Murphy’s position on abortion was not in question. Ciattarelli’s comments, however, were a bit surprising.
Ciattarelli says he opposes the New Jersey bill because it goes too far, and is in favor of banning abortion after 20 weeks of pregnancy. He also said he doubted the US Supreme Court would overturn Roe v. Wade.
But the former legislator stressed that he believed in a woman’s right to choose 20 weeks ago, and said he would support writing a state law to enshrine Roe v. Wade’s protections in New Jersey if it was overturned.
“If that’s what we have to do here in New Jersey to protect a woman’s right to choose, we’ll do it,” Ciatarelli said.
In the state with the highest property taxes in the state, it was no surprise that taxes were once again a hot topic on Tuesday.
Ciattarelli has not developed a specific plan to cut taxes. Instead, he said he would reformulate the public school funding formula to lower property taxes, with scant additional details.
During the debate, Ciattarelli defended his school’s funding plans against criticism that it would cut court-imposed funding for poorer areas, saying a million-dollar homeowner in Jersey City pays less property taxes than someone who owns a $400,000 home in Toms River.
“It’s not fair,” Cetarelli said. “We need a more equitable distribution of aid.”
But Murphy insisted that it would disadvantage poorer students, especially in communities of color.
“If you are in a black or brown community or you are a black or brown boy there, the rug will be pulled out from under you,” said the governor. “This is a move between us and them.”
Trump is largely unpopular in the Democratic heavyweight New Jersey, but he is still deeply loved by most of the Republican Party. This can complicate matters for a GOP candidate seeking a statewide office where it is necessary to revitalize a base but also to pick mid-way voters, or, if they are lucky, a healthy number of Democrats in order to win an election campaign.
Thus, it is not surprising that Ciattarelli has a sophisticated view on Trump. In 2015, he called Trump a “charlatan” who was “out of touch with Lincoln’s party” and said he was “unfit to be president of the United States.”
So where does he stand now from the former president? Ciattarelli had a joke for that Tuesday.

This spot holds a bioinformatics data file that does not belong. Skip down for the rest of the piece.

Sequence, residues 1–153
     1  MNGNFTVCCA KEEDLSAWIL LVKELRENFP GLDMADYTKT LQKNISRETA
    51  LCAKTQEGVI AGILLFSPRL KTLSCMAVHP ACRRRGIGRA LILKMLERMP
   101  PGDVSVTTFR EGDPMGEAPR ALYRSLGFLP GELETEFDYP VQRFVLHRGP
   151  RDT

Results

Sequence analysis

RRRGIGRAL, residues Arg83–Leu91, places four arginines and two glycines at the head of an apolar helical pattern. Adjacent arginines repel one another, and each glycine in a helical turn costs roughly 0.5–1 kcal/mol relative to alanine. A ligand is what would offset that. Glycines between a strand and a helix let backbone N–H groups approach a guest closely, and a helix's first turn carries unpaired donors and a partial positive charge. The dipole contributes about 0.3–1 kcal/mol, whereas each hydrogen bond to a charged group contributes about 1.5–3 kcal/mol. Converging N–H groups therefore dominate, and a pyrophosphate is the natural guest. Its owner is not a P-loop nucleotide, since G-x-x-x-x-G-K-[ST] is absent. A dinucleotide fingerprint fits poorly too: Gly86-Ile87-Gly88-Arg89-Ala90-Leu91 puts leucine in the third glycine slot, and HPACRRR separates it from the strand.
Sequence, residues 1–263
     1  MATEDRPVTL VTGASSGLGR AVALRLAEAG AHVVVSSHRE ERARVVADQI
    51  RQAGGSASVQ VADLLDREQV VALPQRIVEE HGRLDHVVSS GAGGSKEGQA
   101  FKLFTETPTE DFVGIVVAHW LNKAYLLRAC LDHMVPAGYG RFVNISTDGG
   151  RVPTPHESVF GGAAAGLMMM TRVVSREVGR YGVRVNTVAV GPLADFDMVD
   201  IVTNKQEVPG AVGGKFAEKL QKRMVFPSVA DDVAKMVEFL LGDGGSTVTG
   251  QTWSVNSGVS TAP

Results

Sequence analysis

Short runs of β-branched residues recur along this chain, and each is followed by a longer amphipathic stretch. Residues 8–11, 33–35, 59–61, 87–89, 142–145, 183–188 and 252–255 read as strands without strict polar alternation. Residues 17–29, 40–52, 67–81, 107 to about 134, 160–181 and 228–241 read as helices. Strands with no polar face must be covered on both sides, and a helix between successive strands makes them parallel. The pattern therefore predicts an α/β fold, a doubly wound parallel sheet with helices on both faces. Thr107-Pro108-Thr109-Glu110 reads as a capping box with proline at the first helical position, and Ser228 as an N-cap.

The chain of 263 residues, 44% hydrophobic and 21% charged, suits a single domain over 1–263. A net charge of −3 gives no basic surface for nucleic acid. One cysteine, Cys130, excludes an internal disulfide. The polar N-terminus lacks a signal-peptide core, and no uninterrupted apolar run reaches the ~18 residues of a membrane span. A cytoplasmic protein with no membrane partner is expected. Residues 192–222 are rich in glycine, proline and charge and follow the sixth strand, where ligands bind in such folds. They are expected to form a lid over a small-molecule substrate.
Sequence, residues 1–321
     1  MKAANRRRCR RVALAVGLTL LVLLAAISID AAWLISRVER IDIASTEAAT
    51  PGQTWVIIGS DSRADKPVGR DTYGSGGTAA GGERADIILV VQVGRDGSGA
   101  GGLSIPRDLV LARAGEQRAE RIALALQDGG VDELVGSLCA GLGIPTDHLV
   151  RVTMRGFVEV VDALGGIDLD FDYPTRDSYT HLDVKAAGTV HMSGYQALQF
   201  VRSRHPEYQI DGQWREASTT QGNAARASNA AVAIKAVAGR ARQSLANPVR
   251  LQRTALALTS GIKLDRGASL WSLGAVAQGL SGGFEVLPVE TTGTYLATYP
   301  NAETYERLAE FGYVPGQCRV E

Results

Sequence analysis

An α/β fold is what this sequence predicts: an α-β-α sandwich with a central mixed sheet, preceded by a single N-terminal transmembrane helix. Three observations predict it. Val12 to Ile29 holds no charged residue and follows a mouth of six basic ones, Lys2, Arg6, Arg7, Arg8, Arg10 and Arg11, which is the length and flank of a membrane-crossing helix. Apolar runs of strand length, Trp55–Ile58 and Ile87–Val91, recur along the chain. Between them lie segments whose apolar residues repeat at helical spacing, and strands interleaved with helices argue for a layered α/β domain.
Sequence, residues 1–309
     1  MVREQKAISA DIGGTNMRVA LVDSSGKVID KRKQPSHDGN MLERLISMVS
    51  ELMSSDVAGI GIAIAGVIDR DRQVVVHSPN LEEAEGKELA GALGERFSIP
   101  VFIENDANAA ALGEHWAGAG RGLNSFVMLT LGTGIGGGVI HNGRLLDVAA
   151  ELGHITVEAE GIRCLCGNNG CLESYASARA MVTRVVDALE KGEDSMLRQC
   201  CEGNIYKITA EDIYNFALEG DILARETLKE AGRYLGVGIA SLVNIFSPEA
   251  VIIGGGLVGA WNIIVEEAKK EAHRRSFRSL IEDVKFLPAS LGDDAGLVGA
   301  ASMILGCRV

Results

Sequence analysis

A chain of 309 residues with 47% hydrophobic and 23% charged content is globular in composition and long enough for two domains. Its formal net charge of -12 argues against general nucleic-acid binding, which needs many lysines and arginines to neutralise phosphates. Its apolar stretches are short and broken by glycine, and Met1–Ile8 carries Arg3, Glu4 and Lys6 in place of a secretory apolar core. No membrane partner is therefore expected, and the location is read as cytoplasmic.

“After 27 years of marriage, I want you to know that Melinda has called me worse than an imposter many times,” he said, referring to his wife.
Ciatarelli then praised Trump for his handling of the economy and border security, for being “strict” with China, and for moving the US embassy in Israel to Jerusalem, which broke decades of US policy. He also said he disagrees with Trump on offshore drilling, financing the Gateway Tunnel project, and ending state and local property tax deductions over $10,000 (all issues with the New Jersey connection).
But Cetarelli did not say whether he would support Trump if he made another offer to the White House in 2024. He did not say whether he would welcome the former president if Trump offered him.
“I get out there and campaign on my own,” Citarelli said. “I will win my own election.”
Murphy has made linking Ciatarelli to Trump a key part of his campaign, saying his opponent’s election would send the state “backward.”
Ciattarelli responded Tuesday by saying Murphy tends to blame Trump or former Governor Chris Christie – both Republicans. and vow a vow.
“When I take office in January, I won’t blame the Murphy administration for anything,” Citarelli said. “We’ll get the job done.”
The crowd on Tuesday was as wild and boisterous as the one gathered for the first governor-level debate on Sept. 28.
There were chants of “Four More Years” in support of Murphy and constant jeers from the pro-Ciatarelli group as the governor attempted to make a closing statement.
“A hockey debate broke out,” Murphy once said.
Both candidates had to ask the moderators to repeat their questions several times simply because the audience became overwhelmed by them. Even brokers weren’t safe.
“The reason you can’t hear me is because your supporters applaud you,” NJ PBS’s David Cruz told Ciattarelli at one point.
This was immediately followed by boos and harassment aimed at Cruise.
You could argue that both debates reflect the simmering political divide in the United States – and how specific and controversial this race is at times.
“The audience was noisy,” Citarelli told reporters after Tuesday’s relationship ended. “We applaud their enthusiasm, but it made it even more difficult.”